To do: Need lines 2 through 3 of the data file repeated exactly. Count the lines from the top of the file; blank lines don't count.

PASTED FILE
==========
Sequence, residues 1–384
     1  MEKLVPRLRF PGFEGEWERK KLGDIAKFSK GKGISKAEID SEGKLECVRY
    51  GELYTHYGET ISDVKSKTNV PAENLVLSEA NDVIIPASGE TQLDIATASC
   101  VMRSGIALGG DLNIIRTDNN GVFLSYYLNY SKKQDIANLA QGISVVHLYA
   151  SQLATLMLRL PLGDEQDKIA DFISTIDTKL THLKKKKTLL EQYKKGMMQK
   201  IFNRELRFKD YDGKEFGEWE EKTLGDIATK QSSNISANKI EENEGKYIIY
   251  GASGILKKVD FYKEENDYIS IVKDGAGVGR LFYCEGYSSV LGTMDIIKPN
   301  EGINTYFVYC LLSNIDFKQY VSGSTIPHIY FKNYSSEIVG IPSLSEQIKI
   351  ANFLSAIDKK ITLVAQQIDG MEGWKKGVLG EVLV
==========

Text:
     1  MEKLVPRLRF PGFEGEWERK KLGDIAKFSK GKGISKAEID SEGKLECVRY
    51  GELYTHYGET ISDVKSKTNV PAENLVLSEA NDVIIPASGE TQLDIATASC